The genetic lineage of Europe mysteriously transformed about 4,500 years ago, new research suggests.
The findings, detailed today (April 23) in the journal Nature Communications, were drawn from several skeletons unearthed in central Europe that were up to 7,500 years old.
"What is intriguing is that the genetic markers of this first pan-European culture, which was clearly very successful, were then suddenly replaced around 4,500 years ago, and we don't know why," said study co-author Alan Cooper, of the University of Adelaide Australian Center for Ancient DNA, in a statement. "Something major happened, and the hunt is now on to find out what that was."
The new study also confirms that people sweeping out from Turkey colonized Europe, likely as a part of the agricultural revolution, reaching Germany about 7,500 years ago.
For decades, researchers have wondered whether people, or just ideas, spread from the Middle East during the agricultural revolution that occurred after the Mesolithic period.
To find out, Cooper and his colleagues analyzed mitochondrial DNA, which resides in the cells' energy-making structures and is passed on through the maternal line, from 37 skeletal remains from Germany and two from Italy; the skeletons belonged to humans who lived in several different cultures that flourished between 7,500 and 2,500 years ago. The team looked a DNA specifically from a certain genetic group, called haplogroup h, which is found widely throughout Europe but is less common in East and Central Asia.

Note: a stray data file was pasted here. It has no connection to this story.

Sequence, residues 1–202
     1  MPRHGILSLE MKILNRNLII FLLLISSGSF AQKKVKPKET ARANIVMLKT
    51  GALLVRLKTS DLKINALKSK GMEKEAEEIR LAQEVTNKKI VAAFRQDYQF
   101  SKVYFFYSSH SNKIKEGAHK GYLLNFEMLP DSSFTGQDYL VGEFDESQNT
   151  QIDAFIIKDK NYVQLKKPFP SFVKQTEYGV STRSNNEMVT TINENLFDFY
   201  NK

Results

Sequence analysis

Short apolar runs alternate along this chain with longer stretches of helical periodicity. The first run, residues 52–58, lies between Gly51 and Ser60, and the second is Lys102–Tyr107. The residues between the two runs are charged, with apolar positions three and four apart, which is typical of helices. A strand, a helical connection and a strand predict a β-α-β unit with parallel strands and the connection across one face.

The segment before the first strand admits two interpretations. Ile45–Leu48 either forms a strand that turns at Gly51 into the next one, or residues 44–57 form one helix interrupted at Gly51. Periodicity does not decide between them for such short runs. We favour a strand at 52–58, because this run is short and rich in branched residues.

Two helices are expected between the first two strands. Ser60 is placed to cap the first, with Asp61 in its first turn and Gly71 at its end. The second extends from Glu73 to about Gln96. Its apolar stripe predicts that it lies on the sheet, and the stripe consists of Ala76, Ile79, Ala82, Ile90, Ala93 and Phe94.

The researchers found that the earliest farmers in Germany were closely related to Near Eastern and Anatolian people, suggesting that the agricultural revolution did indeed bring migrations of people into Europe who replaced early hunter-gatherers.
But that initial influx isn't a major part of Europe's genetic heritage today.
Instead, about 5,000 to 4,000 years ago, the genetic profile changes radically, suggesting that some mysterious event led to a huge turnover in the population that made up Europe.
The Bell Beaker culture, which emerged from the Iberian Peninsula around 2800 B.C., may have played a role in this genetic turnover. The culture, which may have been responsible for erecting some of the megaliths at Stonehenge, is named for its distinctive bell-shaped ceramics and its rich grave goods. The culture also played a role in the expansion of Celtic languages along the coast.
"We have established that the genetic foundations for modern Europe were only established in the Mid-Neolithic, after this major genetic transition around 4,000 years ago," study co-author Wolfgang Haak, also of the Australian Center for Ancient DNA, said in a statement. "This genetic diversity was then modified further by a series of incoming and expanding cultures from Iberia and Eastern Europe through the Late Neolithic."
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Tia is the managing editor and was previously a senior writer for Live Science. Her work has appeared in Scientific American, Wired.com and other outlets. She holds a master's degree in bioengineering from the University of Washington, a graduate certificate in science writing from UC Santa Cruz and a bachelor's degree in mechanical engineering from the University of Texas at Austin. Tia was part of a team at the Milwaukee Journal Sentinel that published the Empty Cradles series on preterm births, which won multiple awards, including the 2012 Casey Medal for Meritorious Journalism.